Europe toughens up on restrictions as COVID-19 cases soar again
Governments across Europe are imposing strict travel restrictions as coronavirus infections hit a record high. Authorities are urged to be “uncompromising” in controlling the virus this time around.
Fears rose Thursday that Europe is running out of time to control a resurgence of the coronavirus, as infections hit record daily highs in Germany, the Czech Republic, Italy, and Poland. France slapped a 9 p.m. curfew on many of its biggest cities and Londoners faced new travel restrictions as governments imposed increasingly tough measures.
Newly confirmed cases have surged across Europe over recent weeks as the fall kicks in, prompting authorities to bring back measures that had been relaxed over the summer. The Czech Republic, Belgium, the Netherlands, Spain, France, and Britain are among the countries causing particular concern.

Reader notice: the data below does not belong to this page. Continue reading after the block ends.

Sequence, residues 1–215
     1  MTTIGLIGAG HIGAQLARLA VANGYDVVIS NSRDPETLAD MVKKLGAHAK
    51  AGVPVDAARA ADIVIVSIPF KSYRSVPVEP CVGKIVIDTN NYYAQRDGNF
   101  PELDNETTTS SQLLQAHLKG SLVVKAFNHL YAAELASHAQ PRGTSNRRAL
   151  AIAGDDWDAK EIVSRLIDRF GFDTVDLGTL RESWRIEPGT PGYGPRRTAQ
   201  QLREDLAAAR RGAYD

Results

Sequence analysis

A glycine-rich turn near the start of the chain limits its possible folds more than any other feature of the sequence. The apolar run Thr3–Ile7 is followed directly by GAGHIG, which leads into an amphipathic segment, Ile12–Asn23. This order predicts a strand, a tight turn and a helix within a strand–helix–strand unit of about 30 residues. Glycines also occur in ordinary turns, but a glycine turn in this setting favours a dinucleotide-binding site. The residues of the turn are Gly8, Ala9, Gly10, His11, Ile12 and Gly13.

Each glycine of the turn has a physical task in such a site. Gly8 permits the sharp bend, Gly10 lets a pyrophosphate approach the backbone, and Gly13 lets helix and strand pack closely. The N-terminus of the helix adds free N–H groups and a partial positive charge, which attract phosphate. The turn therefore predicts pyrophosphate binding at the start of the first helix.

The head of the World Health Organization’s Europe office urged governments to be “uncompromising” in controlling the virus. He said most of the spread is happening in homes, indoor spaces, and communities not complying with protection measures.
“These measures are meant to keep us all ahead of the curve and to flatten its course,” Dr. Hans Kluge said, while wearing a mask. “It is therefore up to us to accept them while they are still relatively easy to follow instead of following the path of severity.”
European nations have seen nearly 230,000 confirmed deaths in total from the virus – more than the nearly 217,000 deaths reported so far in the United States, according to figures tallied by Johns Hopkins University that experts agree understate the true toll of the pandemic.